Monday, 29 August 2011

The difficult side of ex-pat life

Have you survived any natural disasters today?

This is the question I ask Hank now, every time I speak to him.  So far this week: just one hurricane and an earthquake.  But he - and our house - are fortunately still standing.   Hank has dealt with these things on his own, like a trooper.  

As for me, I just got back from a week in Sri Lanka - but not the swaying-palm-trees-pina-colada-on-the-beach kind, sadly.  My grandmother has been ill and my mother was advised to come to pay her last respects.  We, like other ex-pats of my mother's family, flew out the very next day, half expecting bad news by the time we landed.  We stayed with a kind aunt whose daughters plied us with sweet, milky tea and papaya from their garden, and her husband drove us to grandmother's house every day.   Perhaps the sight of so many family members buoyed my grandmother's health; she did perk up a bit for a while.  But we left her with heavy hearts yesterday, knowing she cannot survive much longer.

We call her "Archi." She has had a long and eventful life.  I enjoyed hearing stories from my relatives about their childhood in a country so far away from where I grew up.  My mother's awesome style of parenting clearly originated in what she learnt about child-rearing from Archi - keep 'em too busy to get into trouble, and always be just a little fearsome.   For my grandmother, a mother of twelve, raising the family was no mean feat.  I learnt how she and her husband had defended their children to the Police after a grumpy neighbour accused them of breaking windows which had simply expanded in the heat, then the same neighbour stole mangos from Archi's prize tree, and jealously put nails, spike-up, in shared parking spaces.  I heard how one of Archi's daughters was asked every Sunday at buddhism school by the monks if she had "performed any good deeds", and she relayed a list of ants she had saved from drowning.  The list became so predictable the exasperated monk soon stopped asking her.  Some would call this aunt cheeky but I think she was great; she -  not one of her brothers -  was the first of her generation to leave Sri Lanka for a job overseas, arriving in the UK in the 60s with a few pounds in her pocket, having never been to the west before.  She was not even 20 years old and had never seen snow.  She knew no-one.  No Lonely Planet guidebooks, no websites to prepare her.  The intrepid audacity of that woman is inspirational.  Now tragically she - and one other sister- are too unwell to travel to Sri Lanka to bid their mother farewell.  I guess in some cruel ways, an international lifestyle punishes the brave.       

Last week, Archi's children held an all-night pirith (blessings chanted by monks for family and friends) and a dhane (chanting and alms giving), to honour the 20th anniversary of my grandfather's death.  One of Archi's sons made a pilgrimage to Anuradhapura. There is little left to do now but keep Archi clean, nourished and close to her family and religion.  This burden falls solely to those in Colombo, to my own mother's great sadness.  I think of these aunts, uncles and cousins with respect and pride; we will be forever indebted to them.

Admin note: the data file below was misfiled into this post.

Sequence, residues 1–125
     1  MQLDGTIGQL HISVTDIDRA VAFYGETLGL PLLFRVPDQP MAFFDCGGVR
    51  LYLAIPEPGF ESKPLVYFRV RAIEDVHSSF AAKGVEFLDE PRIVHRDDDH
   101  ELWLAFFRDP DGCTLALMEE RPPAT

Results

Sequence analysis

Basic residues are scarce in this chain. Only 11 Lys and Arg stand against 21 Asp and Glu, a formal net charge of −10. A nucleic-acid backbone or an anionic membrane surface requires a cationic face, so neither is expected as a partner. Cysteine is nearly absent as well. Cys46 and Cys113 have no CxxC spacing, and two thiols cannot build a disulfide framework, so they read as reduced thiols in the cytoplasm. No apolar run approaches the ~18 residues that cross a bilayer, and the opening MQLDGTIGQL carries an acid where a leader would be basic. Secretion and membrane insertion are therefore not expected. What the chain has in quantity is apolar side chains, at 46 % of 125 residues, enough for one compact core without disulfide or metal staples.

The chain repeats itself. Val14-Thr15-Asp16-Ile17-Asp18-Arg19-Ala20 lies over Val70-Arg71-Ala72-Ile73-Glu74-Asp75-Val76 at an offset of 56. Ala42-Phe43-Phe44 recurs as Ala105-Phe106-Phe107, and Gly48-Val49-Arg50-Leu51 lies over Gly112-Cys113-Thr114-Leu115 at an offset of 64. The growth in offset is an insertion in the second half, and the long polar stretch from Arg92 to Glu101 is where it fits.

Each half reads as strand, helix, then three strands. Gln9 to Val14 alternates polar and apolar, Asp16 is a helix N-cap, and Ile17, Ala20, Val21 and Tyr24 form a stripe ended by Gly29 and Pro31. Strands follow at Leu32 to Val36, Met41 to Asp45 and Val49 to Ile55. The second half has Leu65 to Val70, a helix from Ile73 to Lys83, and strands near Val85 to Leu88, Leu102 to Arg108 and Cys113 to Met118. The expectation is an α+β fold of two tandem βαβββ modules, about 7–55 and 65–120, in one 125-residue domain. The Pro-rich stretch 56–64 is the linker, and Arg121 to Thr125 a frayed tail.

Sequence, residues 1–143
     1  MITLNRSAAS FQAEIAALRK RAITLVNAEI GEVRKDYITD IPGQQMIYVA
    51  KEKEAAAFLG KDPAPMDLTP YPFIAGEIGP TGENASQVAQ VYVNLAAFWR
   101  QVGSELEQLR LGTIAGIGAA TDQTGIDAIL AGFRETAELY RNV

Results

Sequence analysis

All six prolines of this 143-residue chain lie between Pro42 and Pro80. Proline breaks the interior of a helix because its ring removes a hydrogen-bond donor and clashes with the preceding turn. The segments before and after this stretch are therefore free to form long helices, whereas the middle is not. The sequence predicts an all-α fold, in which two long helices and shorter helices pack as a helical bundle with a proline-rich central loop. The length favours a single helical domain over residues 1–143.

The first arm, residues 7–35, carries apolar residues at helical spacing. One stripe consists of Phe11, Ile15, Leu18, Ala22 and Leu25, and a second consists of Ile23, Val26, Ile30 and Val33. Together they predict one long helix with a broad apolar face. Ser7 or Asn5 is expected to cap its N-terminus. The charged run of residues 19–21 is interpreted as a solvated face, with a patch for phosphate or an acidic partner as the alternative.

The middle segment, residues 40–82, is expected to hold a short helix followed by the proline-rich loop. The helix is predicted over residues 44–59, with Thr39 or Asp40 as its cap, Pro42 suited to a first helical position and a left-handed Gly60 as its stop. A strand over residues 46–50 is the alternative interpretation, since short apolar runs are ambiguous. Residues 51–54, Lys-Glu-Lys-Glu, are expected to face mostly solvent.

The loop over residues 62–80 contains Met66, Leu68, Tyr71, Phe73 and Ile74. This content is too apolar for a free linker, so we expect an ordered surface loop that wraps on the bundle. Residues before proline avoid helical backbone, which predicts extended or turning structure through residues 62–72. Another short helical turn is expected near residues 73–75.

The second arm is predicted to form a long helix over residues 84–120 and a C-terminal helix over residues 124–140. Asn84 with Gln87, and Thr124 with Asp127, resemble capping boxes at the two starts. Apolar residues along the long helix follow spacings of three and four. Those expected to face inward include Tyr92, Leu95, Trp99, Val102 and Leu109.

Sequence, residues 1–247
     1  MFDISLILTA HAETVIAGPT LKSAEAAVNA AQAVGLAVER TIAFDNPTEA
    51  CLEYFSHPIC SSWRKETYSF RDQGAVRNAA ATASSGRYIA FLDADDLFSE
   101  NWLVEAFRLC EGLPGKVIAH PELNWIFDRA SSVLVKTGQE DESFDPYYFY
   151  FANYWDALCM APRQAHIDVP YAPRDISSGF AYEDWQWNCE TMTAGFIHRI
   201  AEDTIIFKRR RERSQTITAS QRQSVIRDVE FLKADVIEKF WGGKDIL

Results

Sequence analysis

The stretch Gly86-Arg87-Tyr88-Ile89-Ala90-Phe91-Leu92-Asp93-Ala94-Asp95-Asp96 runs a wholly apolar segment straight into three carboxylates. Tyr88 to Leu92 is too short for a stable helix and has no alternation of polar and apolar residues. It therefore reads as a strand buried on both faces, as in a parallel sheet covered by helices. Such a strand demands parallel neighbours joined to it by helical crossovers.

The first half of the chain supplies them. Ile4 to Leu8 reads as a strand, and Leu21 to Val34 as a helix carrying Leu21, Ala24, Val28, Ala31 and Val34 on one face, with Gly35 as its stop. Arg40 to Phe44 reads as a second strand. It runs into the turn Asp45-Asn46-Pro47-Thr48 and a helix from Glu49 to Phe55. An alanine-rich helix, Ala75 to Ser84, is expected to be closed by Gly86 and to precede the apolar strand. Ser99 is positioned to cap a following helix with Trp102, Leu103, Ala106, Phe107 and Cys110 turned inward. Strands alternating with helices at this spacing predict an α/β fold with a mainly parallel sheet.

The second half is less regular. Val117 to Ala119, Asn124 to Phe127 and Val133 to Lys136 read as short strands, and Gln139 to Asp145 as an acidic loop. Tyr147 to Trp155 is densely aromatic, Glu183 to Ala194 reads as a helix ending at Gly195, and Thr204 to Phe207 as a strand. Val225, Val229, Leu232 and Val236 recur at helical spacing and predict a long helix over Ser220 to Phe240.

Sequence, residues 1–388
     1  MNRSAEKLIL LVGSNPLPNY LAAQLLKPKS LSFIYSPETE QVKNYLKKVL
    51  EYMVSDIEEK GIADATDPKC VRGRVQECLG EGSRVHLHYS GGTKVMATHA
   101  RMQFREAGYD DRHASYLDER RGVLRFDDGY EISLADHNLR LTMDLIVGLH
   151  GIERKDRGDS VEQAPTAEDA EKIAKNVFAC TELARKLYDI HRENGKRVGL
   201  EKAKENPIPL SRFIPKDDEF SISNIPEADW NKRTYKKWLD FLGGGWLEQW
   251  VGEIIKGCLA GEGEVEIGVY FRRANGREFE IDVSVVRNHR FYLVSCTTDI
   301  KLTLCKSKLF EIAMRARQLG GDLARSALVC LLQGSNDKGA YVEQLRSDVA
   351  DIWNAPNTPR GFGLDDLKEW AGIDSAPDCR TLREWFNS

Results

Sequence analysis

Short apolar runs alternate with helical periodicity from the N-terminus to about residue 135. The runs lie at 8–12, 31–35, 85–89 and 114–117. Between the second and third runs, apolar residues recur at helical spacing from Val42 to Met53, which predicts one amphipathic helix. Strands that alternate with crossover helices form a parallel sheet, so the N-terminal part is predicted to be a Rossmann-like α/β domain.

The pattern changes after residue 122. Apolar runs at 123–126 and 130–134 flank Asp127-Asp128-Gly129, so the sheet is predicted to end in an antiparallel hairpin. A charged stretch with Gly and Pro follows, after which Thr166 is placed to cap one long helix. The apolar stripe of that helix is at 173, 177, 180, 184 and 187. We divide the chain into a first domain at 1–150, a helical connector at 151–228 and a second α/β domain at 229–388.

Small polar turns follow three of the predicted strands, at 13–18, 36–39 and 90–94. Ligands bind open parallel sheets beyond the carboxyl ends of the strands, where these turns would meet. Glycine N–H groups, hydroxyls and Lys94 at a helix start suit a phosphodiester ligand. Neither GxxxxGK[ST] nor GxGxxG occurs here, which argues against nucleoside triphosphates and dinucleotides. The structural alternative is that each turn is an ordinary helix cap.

My mum is getting old herself and is afraid of traveling alone.  She therefore returned with me to London when my job dictated.  We've visited Sri Lanka many times but have recently left bigger gaps between trips; this time over seven years.  And this time I really, really did not want to leave there.  It wasn't just because we were sad to leave Archi and our wonderful family.  Colombo has become a truly compelling place.  For years, whenever I went there I struggled to deal with the failing infrastructure - why were the roads in such a state, why didn't the government repair the buildings which had faces blown off by insurgents, and why didn't people have dependable water supplies and proper street cleansing services?  It annoyed me to see paramilitaries policing every municipal building and at regular checkpoints to always to have to show "papers" which I, a war novice, constantly forgot to carry.  I always blamed the war but was never sure it was really the heart of the problem.  I secretly worried that maybe that was just how Sri Lanka was. 

I was wrong.   How long has it been since the war ended?  Maybe three years?  Under a very right-wing, nationalist government [a fact which I'm ignoring for my sanity] the capital city is already unrecognisable.  I'm starting to think that I'm missing out!   The things which drew my mum to the UK in the 60s - the excitement and economic growth of a nation rebuilding itself after a war -  these things are evident in Sri Lanka right now.  It is an appealing environment in which to start a business. 

On my last evening in Colombo, a kind uncle took me in a tuk-tuk to Galle Face beach where kids traditionally fly kites in the sea breeze every summer, parents pack picnics and stalls display fried seafood treats.  It was busy but peaceful, immaculately clean and really magical.  It reminded me of the National Mall in DC, just with browner folks and curlier hair.  It was wonderful to see so many people enjoying themselves.  Were it not for my darling Hank, I believe I could happily move there tomorrow.

As I left Archi's house for the last time, the kind uncle gave me a small gift of 1000 rupees, just totally out of the blue.  To spend next time I come here, he said.  

His gentle and kind message was unspoken: don't leave it so long next time.

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